High turnout in key poll for Hungary’s Orban

Turnout was high in Hungary's election, where some polling stations had to stay open late to accommodate the large number of voters
AFP

Budapest (AFP) – Hungarians voted in large numbers Sunday in an election that is being keenly watched across Europe, with firebrand nationalist Prime Minister Viktor Orban tipped to win a third consecutive term and press ahead with his anti-immigration agenda.

Orban has clashed with EU institutions over his rejection of the bloc’s refugee resettlement scheme and his clampdown on civil society, while he has drawn plaudits from other nationalist politicians and those on the far right who look to him as an inspiration.

Most polling stations closed at 7pm local time (1700 GMT), but state TV said that some will stay open to accommodate a surge in turnout, which stood at 68.13 percent as of 6.30pm (1630 GMT), nine points higher than the same point in 2014.

Preliminary results are expected to be delayed by the late voting at some stations.

Analysts say the high turnout, especially in opposition-leaning Budapest and other big cities, may help other parties to overcome a mainly first-past-the-post election system which disadvantages the divided opposition. 

Opinion polls before the vote had consistently put Orban and his right-wing Fidesz party 20 or more points clear of their nearest rivals, Jobbik, a far-right party that has been moving towards the centre, and the centre-left Socialists.

– ‘Not enough freedom’ –

Orban and his wife voted early in the morning at a school in the leafy Zugliget suburb of Budapest.

“This is a country which has always stepped up for itself, so we can trust in the people, I will accept their decision,” he said.

Meanwhile Jobbik leader Gabor Vona cast his ballot in the northeastern town of Gyongyos, saying that the result would “determine the fate of Hungary not just for four years but… for two generations”.

Pensioner Karin, 65, said: “I’m voting Fidesz of course, who else? Orban is a blessing for the country, and also I think for the whole of Europe.” 

But in one student neighbourhood in the capital, where long queues saw voters waiting up to an hour to cast their votes, the mood was predominantly anti-Fidesz.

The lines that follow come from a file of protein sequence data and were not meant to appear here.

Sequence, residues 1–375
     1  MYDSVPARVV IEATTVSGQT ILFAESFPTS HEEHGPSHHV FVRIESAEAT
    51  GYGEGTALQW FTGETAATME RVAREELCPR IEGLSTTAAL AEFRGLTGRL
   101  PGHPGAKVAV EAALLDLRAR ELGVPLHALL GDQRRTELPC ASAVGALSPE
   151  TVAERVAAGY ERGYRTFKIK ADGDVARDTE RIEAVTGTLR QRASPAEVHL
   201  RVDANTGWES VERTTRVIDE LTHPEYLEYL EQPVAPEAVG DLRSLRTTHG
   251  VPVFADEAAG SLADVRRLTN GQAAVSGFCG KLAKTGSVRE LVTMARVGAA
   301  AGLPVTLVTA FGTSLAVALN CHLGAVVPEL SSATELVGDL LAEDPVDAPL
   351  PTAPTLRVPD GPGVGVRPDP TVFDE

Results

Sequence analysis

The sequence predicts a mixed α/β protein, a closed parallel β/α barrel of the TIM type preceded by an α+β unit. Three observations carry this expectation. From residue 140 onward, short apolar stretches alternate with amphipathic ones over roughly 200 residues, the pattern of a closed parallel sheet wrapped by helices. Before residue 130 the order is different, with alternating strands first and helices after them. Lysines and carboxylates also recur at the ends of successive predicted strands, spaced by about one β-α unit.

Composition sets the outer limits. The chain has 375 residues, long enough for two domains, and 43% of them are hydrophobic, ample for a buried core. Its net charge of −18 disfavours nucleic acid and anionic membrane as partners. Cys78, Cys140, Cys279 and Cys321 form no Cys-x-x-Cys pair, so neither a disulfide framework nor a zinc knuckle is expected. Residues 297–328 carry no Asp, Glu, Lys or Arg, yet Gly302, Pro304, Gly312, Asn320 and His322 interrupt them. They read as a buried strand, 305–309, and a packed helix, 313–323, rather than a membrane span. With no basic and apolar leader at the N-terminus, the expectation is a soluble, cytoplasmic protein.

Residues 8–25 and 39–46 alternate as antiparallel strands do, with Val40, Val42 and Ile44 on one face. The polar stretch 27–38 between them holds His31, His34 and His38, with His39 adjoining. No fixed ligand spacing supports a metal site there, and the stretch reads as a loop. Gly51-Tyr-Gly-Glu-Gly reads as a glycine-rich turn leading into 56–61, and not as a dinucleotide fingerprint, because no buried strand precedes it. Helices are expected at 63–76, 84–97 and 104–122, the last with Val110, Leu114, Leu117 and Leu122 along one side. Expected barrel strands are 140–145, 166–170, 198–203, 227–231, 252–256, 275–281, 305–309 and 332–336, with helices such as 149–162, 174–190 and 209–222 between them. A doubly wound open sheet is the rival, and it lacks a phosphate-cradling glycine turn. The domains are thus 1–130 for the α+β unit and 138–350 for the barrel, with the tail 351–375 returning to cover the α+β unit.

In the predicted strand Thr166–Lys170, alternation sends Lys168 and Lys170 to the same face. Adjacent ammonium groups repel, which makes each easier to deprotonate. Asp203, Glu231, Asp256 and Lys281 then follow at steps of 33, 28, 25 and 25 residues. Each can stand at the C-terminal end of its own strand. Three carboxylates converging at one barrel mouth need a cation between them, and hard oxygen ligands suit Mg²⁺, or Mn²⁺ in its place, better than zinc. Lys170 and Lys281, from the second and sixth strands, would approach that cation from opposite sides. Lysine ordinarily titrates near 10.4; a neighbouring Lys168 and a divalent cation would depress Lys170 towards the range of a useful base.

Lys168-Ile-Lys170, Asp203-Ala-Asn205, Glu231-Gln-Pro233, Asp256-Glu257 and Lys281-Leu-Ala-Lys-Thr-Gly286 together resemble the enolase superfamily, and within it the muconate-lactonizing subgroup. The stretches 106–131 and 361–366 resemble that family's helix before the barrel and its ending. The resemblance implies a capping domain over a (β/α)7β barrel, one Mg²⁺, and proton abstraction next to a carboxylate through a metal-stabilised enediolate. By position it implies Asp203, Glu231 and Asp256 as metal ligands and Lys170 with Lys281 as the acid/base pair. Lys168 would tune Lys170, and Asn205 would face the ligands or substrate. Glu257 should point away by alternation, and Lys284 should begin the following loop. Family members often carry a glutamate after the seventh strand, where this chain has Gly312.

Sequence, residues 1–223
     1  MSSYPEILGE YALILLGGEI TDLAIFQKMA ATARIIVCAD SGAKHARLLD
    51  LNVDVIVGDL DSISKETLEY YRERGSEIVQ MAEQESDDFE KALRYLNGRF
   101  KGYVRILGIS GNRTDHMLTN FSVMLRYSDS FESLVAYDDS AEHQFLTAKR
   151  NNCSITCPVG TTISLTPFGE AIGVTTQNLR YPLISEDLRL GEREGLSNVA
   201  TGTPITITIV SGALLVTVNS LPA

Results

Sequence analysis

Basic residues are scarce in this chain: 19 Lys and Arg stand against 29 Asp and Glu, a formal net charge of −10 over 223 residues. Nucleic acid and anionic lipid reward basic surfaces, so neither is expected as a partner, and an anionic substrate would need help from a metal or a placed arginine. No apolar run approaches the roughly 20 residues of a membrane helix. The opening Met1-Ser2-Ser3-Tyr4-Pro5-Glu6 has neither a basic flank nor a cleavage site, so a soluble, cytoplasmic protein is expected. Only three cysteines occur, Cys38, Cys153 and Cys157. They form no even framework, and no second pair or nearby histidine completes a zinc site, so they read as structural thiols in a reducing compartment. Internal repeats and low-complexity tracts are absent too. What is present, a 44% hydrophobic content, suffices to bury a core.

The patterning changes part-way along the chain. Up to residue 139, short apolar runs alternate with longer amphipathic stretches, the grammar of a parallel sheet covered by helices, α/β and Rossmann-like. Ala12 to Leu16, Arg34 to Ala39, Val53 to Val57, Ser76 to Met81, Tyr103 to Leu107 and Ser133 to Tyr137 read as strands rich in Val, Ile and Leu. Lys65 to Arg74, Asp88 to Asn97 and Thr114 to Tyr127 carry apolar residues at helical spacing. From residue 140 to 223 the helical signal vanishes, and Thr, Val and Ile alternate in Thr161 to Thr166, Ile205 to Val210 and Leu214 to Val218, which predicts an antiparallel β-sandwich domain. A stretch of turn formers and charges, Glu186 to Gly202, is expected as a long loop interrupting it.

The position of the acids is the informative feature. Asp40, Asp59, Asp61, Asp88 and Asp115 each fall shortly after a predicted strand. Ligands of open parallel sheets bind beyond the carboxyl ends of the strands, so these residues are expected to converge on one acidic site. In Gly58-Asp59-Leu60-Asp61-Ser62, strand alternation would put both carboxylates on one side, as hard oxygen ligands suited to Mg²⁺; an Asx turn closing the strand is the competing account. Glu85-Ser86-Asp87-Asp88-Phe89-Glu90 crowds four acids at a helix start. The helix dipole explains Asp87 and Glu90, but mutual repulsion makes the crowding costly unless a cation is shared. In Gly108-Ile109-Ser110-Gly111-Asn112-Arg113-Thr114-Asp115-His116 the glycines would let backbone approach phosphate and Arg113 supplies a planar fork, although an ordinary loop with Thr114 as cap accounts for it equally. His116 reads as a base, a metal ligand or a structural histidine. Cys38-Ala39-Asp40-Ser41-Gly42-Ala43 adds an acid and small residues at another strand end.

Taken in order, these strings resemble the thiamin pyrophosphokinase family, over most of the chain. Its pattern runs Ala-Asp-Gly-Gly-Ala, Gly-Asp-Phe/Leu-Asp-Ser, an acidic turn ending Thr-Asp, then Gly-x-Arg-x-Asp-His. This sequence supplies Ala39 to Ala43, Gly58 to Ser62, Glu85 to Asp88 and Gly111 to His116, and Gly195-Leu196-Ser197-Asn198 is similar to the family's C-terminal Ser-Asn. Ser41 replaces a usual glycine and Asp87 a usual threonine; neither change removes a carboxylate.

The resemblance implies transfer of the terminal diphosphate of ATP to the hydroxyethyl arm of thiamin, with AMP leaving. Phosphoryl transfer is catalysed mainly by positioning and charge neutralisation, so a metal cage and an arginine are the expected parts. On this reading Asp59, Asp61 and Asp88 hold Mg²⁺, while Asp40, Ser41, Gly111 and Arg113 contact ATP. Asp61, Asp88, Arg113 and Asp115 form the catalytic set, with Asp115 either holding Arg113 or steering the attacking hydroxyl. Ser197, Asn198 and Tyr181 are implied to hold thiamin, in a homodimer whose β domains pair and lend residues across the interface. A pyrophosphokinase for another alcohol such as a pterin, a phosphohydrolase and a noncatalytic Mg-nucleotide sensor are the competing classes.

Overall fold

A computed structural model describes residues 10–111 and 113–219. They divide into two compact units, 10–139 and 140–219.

“We feel there is not enough freedom here, I know a lot of people who won’t hang around if things don’t change so I’m not surprised there is high turnout,” said one voter who wished to remain anonymous.

– Lurid rhetoric –

Even if Fidesz does gain its expected parliamentary majority, analysts will be watching to see whether it falls short of the two-thirds “supermajority” that has enabled it to pass some of its most controversial bills.

These include some of the measures that have put Orban on a collision course with Brussels, such as what critics call his government’s erosion of media and judicial independence, as well as its crackdown on civil society groups, particularly those funded by Hungarian-born US billionaire George Soros.

The government has been accused by of using anti-Semitic stereotypes in its relentless campaign against Soros, who is Jewish.

Orban accuses Soros and the organisations he funds of promoting mass Muslim and African immigration into Europe in order to undermine its Christian identity.

Although Orban’s actions, including refusing to participate in the EU’s refugee resettlement scheme, have sometimes annoyed other European governments, Fidesz is afforded a measure of protection by virtue of its membership of the main centre-right EPP grouping in the European Parliament.

Senior EPP leaders have themselves courted controversy by wishing Orban luck ahead of the poll.

– Corruption allegations –

Jaroslaw Kaczynski, leader of Poland’s governing PiS party, sees an Orban as an ally in his own run-ins with Brussels, and gave Orban his endorsement on Friday.

A strong showing for Orban will be welcomed by admirers on the far-right in Europe, such as France’s Marine Le Pen, and beyond.

Orban has also cultivated Russian President Vladimir Putin as an ally and has previously cited Russia as an example of the sort of “illiberal state” he hopes to anchor in Hungary.

Opposition parties have lacked close coordination on a national level, but tactical voting could nevertheless represent a danger to Fidesz in 30-40 “swing seats”.

As well as hammering home its anti-immigration message, the government has also pointed to Hungary’s solid economic growth, which has brought steadily rising wages, and says this would be at risk in the event of an opposition victory.

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